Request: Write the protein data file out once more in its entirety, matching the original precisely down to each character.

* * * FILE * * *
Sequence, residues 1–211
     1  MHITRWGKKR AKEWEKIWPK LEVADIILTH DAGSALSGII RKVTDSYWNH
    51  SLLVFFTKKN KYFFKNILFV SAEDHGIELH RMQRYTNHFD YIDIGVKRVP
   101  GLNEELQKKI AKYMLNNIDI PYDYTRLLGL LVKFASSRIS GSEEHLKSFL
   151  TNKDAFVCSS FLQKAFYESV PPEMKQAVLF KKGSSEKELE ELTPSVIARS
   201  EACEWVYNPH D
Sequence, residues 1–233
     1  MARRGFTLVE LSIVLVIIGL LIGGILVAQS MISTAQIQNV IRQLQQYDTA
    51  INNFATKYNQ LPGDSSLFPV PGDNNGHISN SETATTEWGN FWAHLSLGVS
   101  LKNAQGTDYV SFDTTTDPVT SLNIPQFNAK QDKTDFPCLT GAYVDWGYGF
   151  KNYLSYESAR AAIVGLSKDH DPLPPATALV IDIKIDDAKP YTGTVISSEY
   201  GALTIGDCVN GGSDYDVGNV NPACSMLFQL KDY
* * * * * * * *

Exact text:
Sequence, residues 1–211
     1  MHITRWGKKR AKEWEKIWPK LEVADIILTH DAGSALSGII RKVTDSYWNH
    51  SLLVFFTKKN KYFFKNILFV SAEDHGIELH RMQRYTNHFD YIDIGVKRVP
   101  GLNEELQKKI AKYMLNNIDI PYDYTRLLGL LVKFASSRIS GSEEHLKSFL
   151  TNKDAFVCSS FLQKAFYESV PPEMKQAVLF KKGSSEKELE ELTPSVIARS
   201  EACEWVYNPH D
Sequence, residues 1–233
     1  MARRGFTLVE LSIVLVIIGL LIGGILVAQS MISTAQIQNV IRQLQQYDTA
    51  INNFATKYNQ LPGDSSLFPV PGDNNGHISN SETATTEWGN FWAHLSLGVS
   101  LKNAQGTDYV SFDTTTDPVT SLNIPQFNAK QDKTDFPCLT GAYVDWGYGF
   151  KNYLSYESAR AAIVGLSKDH DPLPPATALV IDIKIDDAKP YTGTVISSEY
   201  GALTIGDCVN GGSDYDVGNV NPACSMLFQL KDY